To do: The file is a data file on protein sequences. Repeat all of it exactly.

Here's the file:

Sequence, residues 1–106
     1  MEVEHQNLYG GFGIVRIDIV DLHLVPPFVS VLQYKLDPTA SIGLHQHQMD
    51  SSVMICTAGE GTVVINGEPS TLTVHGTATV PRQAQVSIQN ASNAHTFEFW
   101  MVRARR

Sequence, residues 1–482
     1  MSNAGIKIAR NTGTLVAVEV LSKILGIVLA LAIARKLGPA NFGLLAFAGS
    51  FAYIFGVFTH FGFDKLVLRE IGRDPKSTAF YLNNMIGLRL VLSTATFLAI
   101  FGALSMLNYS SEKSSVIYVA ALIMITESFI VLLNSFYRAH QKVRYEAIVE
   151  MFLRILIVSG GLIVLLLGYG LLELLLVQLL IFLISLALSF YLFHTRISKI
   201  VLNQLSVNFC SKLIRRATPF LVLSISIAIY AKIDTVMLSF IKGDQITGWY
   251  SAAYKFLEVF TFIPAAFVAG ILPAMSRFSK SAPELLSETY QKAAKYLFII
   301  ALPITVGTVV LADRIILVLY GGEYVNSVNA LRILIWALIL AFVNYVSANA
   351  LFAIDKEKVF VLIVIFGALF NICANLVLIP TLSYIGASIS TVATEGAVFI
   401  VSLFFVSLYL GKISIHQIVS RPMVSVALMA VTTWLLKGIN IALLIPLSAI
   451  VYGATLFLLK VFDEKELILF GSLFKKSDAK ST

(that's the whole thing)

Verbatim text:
Sequence, residues 1–106
     1  MEVEHQNLYG GFGIVRIDIV DLHLVPPFVS VLQYKLDPTA SIGLHQHQMD
    51  SSVMICTAGE GTVVINGEPS TLTVHGTATV PRQAQVSIQN ASNAHTFEFW
   101  MVRARR

Sequence, residues 1–482
     1  MSNAGIKIAR NTGTLVAVEV LSKILGIVLA LAIARKLGPA NFGLLAFAGS
    51  FAYIFGVFTH FGFDKLVLRE IGRDPKSTAF YLNNMIGLRL VLSTATFLAI
   101  FGALSMLNYS SEKSSVIYVA ALIMITESFI VLLNSFYRAH QKVRYEAIVE
   151  MFLRILIVSG GLIVLLLGYG LLELLLVQLL IFLISLALSF YLFHTRISKI
   201  VLNQLSVNFC SKLIRRATPF LVLSISIAIY AKIDTVMLSF IKGDQITGWY
   251  SAAYKFLEVF TFIPAAFVAG ILPAMSRFSK SAPELLSETY QKAAKYLFII
   301  ALPITVGTVV LADRIILVLY GGEYVNSVNA LRILIWALIL AFVNYVSANA
   351  LFAIDKEKVF VLIVIFGALF NICANLVLIP TLSYIGASIS TVATEGAVFI
   401  VSLFFVSLYL GKISIHQIVS RPMVSVALMA VTTWLLKGIN IALLIPLSAI
   451  VYGATLFLLK VFDEKELILF GSLFKKSDAK ST